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Filling up a typical 50-litre petrol or diesel fuel tank has gone up more than £2 in the past month
Filling up a typical 50-litre petrol or diesel fuel tank has gone up more than £2 in the past month. Diesel is 4.4p a litre more expensive than petrol, but AA research has uncovered a petrol-diesel wholesale price gap that is much closer and calls into question the high price of diesel at the pump.
September’s AA Fuel Price Report shows that the average cost of petrol has gone up 4.69p a litre since mid August, from 135.52p a litre to 140.21p. The cost of diesel on UK forecourts has soared 4.15p a litre, from an average of 140.45p a month ago to 144.60p now. In April, petrol hit a record of 142.48p a litre and diesel 147.93.
Since 1 July, when petrol sank to a summer low of 130.81p and diesel 136.12p, the cost of a typical 50-litre petrol refill has risen from £65.41 to £70.11. A tradesman’s van with an 80-litre diesel tank now costs £115.68 to refuel, compared to £108.90 at the low point.
Petrol prices have been buoyed up by speculation on tight supply caused by the impact of Hurricane Isaac, refinery fires and the closure of refineries for maintenance. Although oil prices rose following a US financial stimulus package, a stronger pound has offset some of the damage. There is also growing concern, even among investment bank analysts, that economic recovery is being undermined by bullish behaviour in the oil market.
Analysis by the AA of wholesale price data from the EU shows that, at least three times this year, spikes in the value of petrol across NW Europe have raised it to the same level as diesel.
For almost four weeks this spring, diesel was the same price if not cheaper than petrol. The two have closed again this month but UK drivers continue to pay a premium for diesel on forecourts.
UK wholesale prices shown to the AA reveal that, between 21 March and 18 April this year, diesel prices ranged from the same price as petrol to up to 2p a litre cheaper. However, throughout April, diesel remained at least 5.4p a litre more expensive than petrol at the pump - forcing diesel drivers and businesses to spend at least £2.5 million a day extra on fuel *.
Since then, despite diesel again becoming cheaper than petrol in the wholesale market, diesel remains at least 4p a litre dearer than petrol at the pump.
Last week, the Office of Fair Trading announced a preliminary investigation into oil and fuel markets, due to report early next year. This came at the expense of talks between the Government and the fuel industry, initiated by former Transport Secretary Justine Greening, for the speedy introduction of a wholesale price indicator in the UK.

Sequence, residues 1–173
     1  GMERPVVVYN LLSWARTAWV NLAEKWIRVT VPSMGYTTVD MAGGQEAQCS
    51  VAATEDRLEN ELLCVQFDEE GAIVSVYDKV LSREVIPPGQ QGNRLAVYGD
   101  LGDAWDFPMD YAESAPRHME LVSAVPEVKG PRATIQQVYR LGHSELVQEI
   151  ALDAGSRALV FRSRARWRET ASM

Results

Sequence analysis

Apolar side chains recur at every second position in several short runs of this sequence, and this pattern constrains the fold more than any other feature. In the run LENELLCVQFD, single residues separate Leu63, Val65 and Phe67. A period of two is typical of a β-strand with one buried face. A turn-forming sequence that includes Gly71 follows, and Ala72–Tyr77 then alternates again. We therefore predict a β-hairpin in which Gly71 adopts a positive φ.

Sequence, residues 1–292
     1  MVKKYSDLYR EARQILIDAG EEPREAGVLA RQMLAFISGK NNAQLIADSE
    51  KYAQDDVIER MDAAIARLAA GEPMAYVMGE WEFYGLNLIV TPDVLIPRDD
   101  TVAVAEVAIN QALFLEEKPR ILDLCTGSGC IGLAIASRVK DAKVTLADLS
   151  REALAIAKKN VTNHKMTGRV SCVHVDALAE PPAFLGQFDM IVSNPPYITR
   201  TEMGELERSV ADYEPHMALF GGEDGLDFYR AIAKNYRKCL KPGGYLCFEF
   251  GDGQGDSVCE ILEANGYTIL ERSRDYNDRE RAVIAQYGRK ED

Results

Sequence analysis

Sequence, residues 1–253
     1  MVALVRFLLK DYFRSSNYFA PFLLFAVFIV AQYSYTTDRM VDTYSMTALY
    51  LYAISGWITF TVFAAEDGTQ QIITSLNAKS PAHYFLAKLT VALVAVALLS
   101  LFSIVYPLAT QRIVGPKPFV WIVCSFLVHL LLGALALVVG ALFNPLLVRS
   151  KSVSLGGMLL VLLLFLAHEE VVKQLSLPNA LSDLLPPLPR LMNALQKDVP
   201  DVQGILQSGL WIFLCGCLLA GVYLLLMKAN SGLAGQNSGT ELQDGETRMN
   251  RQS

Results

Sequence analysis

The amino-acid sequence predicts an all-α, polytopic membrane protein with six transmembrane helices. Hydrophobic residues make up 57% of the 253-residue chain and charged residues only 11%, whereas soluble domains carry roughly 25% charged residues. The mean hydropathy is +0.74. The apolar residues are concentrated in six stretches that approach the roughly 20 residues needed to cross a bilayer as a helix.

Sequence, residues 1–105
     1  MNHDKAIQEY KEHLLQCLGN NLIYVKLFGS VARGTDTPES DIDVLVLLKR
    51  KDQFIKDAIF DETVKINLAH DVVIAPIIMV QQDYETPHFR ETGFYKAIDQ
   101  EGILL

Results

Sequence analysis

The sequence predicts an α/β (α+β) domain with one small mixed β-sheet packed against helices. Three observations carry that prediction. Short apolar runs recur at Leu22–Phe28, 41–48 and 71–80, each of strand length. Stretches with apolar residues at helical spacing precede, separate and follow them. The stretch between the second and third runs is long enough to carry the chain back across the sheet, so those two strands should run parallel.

Putting the Justine Greening initiative on hold has given fuel retailers and suppliers the cover to perpetuate this petrol-diesel price gap for at least the next four months
Edmund King, AA president
“Putting the Justine Greening initiative on hold has given fuel retailers and suppliers the cover to perpetuate this petrol-diesel price gap for at least the next four months, potentially continuing to push up the travelling cost of tradespeople, road deliveries and rural workers – not to mention car owners who switched to diesel to reduce fuel bills,” says Edmund King, the AA’s president.
“The AA welcomes the OFT investigation but not at the expense of immediate and easily-achieved price transparency, which would have informed the investigation while empowering consumers and businesses at the same time. On Thursday, during the Commons’ backbench debate, two Conservative MPs voiced support for the initiative while shadow energy minister Tom Greatrex twice pressed the Government to push ahead with it.
“If the EU can publish a weekly track of petrol and diesel wholesale prices in euros per tonne, why can’t the UK government publish an equivalent in pounds per tonne or pence per litre on one of its websites? It doesn’t need an investigation, or permission of the fuel retailers or suppliers, just a form that can be understood by the public and business to ensure a fair price for all parties.”
Supermarkets and fuel companies have resorted to marketing ploys to try to attract drivers: Morrison introduced a gift card linked to fuel, Shell has linked up with Waitrose for money off fuel vouchers and Esso has upgraded the additives in its regular fuels.
Price, however, remains the main driver with supermarket dogfights keeping petrol down as low as 134.7p in Harrogate and 133.7p in Inverness, compared to the lowest supermarket brand average across the UK of 137.56p.
Regionally, the most expensive area in the UK for petrol is Northern Ireland at 141.1p a litre, while London undercuts even Yorkshire and Humberside to be the cheapest at 139.8p a litre. Scotland beats Northern Ireland in selling the most expensive diesel in the UK, averaging 145.2p a litre, while Yorkshire and Humberside is cheapest at 144.1p.
(18 September 2012)
Fuel price data supplied by Experian Catalist
* Source: Department of Energy and Climate Change fuel retail sales figures for the second quarter of 2011. From April to June 2011, the UK bought 45.6 million litres of diesel a day from forecourts.